Nosek (1998) compared five experienced programmers working independently and ten others working in pairs. All teams outperformed the individuals, completing their tasks 40% faster and producing better code.

    A survey by Williams (1999) found that 96% enjoyed their job more when pair programming.

    Cockburn and Williams (2001) reported that pair programming incurs 15% extra development cost. But in the long term, it saves 15x the cost when bugs are discovered during testing or 60x the cost when bugs are experienced by customers.

    Hulkko and Abrahamsson (2005) empirically found that pair programming is most useful for learning and complex tasks. It leads to higher comment ratio. It doesn't always increase productivity, decrease defect count or conform to coding guidelines.

  • What are some concerns or criticisms of pair programming?

    Not every developer is a fan of pair programming, particularly when it's imposed on them by the management. Developers like to be trusted and pair programming makes them feel they're being watched. However, once the benefits of pair programming are understood, developers are more likely to question the implementation rather than the practice itself.

    Some problems require deep thinking that's best done in isolation. One approach is to work out the solution in advance before starting a pair programming session. In fact, humans can't multitask effectively. Pair programming requires the pair to constantly communicate while also performing their individual tasks.

    There could be a personality clash. Developers are usually introverts. To them, pair programming can be overstimulating. Even for extroverts, pair programming all the time can be exhausting. Feedback between sessions is useful but developers are not naturally inclined to share feedback.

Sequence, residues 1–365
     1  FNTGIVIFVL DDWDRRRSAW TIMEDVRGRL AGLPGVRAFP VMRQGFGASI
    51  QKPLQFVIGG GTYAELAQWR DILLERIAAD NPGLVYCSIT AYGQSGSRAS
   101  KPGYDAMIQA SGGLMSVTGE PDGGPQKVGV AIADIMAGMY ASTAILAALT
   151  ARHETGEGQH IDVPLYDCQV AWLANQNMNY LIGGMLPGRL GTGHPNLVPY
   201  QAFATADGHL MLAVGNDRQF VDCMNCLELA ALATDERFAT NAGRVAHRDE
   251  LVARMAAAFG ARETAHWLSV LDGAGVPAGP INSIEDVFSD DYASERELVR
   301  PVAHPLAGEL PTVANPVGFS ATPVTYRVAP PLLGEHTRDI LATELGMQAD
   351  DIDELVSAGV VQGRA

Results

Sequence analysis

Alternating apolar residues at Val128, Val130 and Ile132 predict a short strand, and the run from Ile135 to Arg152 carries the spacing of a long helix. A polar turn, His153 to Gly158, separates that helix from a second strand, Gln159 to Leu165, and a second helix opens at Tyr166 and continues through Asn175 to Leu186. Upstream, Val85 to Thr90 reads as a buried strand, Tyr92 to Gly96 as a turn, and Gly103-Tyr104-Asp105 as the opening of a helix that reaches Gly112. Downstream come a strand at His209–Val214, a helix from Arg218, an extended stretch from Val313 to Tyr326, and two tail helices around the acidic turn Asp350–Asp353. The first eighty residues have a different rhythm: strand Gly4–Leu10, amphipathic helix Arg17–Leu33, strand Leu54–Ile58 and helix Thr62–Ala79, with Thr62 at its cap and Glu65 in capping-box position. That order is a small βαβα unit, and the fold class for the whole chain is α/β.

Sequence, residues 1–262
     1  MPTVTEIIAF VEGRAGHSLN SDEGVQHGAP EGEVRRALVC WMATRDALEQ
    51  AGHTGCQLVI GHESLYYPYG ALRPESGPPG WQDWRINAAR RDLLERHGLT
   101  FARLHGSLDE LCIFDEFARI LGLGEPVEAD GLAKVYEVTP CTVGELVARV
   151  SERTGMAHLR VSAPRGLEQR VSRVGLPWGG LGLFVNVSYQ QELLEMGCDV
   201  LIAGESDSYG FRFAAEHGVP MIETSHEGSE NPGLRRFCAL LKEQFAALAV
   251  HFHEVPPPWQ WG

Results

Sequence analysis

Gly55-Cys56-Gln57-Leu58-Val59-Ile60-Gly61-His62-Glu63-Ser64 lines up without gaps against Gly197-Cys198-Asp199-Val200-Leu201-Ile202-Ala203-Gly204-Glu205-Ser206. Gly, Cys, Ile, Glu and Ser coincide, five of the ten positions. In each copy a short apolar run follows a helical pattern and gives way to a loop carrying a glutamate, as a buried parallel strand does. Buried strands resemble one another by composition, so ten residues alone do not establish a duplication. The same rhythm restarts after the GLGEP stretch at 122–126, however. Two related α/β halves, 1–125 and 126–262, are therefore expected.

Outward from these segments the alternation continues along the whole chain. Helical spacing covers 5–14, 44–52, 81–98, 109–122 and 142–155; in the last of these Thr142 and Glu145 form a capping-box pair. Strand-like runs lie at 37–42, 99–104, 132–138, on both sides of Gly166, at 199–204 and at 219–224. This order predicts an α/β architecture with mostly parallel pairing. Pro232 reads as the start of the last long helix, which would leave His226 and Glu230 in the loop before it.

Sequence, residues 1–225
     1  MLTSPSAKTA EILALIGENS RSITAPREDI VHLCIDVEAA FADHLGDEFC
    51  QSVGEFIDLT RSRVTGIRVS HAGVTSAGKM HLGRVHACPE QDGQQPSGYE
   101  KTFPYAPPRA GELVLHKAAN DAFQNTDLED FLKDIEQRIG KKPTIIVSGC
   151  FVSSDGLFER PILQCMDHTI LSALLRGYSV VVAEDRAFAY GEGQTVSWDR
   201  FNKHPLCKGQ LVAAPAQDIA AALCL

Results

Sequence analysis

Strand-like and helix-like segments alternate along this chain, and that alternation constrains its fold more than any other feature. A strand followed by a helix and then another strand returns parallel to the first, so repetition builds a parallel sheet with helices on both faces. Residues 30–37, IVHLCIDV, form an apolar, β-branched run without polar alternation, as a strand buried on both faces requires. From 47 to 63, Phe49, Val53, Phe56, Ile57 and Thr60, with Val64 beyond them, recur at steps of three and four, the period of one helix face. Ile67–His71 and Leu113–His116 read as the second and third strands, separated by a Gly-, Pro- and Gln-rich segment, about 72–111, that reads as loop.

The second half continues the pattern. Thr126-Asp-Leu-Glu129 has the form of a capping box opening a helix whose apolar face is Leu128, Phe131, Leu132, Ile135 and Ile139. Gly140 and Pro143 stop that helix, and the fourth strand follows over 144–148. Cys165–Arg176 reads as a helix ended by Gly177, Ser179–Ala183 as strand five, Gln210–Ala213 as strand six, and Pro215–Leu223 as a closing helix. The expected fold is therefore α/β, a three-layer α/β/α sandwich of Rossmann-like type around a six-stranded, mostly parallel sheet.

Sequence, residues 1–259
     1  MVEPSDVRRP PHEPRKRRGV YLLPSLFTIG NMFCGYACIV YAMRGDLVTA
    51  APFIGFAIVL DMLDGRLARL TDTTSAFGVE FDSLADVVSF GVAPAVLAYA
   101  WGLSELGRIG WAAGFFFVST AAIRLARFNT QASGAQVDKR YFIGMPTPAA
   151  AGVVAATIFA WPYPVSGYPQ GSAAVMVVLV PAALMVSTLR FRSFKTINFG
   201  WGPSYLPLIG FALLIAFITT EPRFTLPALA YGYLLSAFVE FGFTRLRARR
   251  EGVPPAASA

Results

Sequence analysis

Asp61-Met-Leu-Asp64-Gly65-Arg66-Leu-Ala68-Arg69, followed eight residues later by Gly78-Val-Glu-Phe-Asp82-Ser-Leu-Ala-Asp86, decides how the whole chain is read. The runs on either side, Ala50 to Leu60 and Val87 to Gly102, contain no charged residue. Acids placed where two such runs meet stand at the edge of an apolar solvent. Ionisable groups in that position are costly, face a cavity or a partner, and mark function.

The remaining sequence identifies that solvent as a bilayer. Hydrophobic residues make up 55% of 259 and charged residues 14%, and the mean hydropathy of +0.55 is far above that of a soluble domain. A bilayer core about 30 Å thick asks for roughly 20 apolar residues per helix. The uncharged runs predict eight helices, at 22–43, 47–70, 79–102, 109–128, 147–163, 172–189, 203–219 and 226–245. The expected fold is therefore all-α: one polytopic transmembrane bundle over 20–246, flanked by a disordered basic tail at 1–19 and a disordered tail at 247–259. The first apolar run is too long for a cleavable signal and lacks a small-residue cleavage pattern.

Two developers doing the job of one is sometimes seen as wasteful. Pairing two novices maybe ineffective but other types of pairings if correctly implemented bring long term rewards.

    Lack of ownership and accountability can be a problem. The developer who creates the pull request can be made accountable.



ENIAC, the first programmable, electronic digital computer is completed. In an interview in 2011, one of ENIAC's programmers, Jean Jennings Bartik, claims that she and Betty Synder were a pair and they programmed together. This anecdote shows that pair programming is certainly not an invention of the 21st century.


Fred Brooks, author of The Mythical Man-Month (1975), has claimed that he and fellow graduate student Bill Wright programmed together in the 1950s. He claims, "We produced 1,500 lines of defect-free code; it ran correctly first try."


In the early 1980s, Larry Constantine visits P.J. Plaugher's software company, Whitesmiths, Ltd. He observes a room full of two programmers working at each computer. He calls them "dynamic duos". Their code was defect-free. He states that, "Two programmers in tandem is not redundancy; it's a direct route to greater efficiency and better quality."


Nosek publishes The Case for Collaborative Programming, which is perhaps the first empirical study on the subject using experienced programmers. An earlier 1993 study by Wilson et al. used student programmers. Also in 1998, Extreme Programming (XP) as practiced at Chrysler is talked about. Pair programming is one of the core practices within XP.


Some practitioners of XP introduce the roles of driver and navigator to explain pair programming in a better way.


The book Pair Programming Illuminated by Williams and Kessler is the first book dedicated to pair programming. It's also perhaps a sign that pair programming is ready for mainstream adoption.


The ping-pong style of pairing is suggested on C2 Wiki. This combines pair programming with test-driven development.


On his blog, Arlo Belshee coins the term strong-style for the style of programming advocated by Llewellyn Falco. In July 2016, Falco and his colleague Maaret Pyhäjärvi present this style at the Agile2016 conference.


  1. Agile Alliance. 2015. "Pair Programming." Glossary, Agile Alliance, December 17. Updated 2021-03-04. Accessed 2021-09-15.
  2. Archer, Adam, Ritchie Schacher, and Scott Will. 2021. "Program in pairs." IBM Garage Methodology, IBM Cloud Architecture Center, IBM Corporation. Accessed 2021-09-13.
  3. Atwi, Ahmad. 2019. "10 Pair Programming Best Practices Questions & Answers." Philippe Bourgau's XP Coaching Blog, April 25. Accessed 2021-09-13.
  4. Belshee, Arlo. 2012. "Llewellyn Falco – What makes a good test suite?" Blog, Arlo Being Bloody Stupid, July 7. Updated 2012-07-15. Accessed 2021-09-15.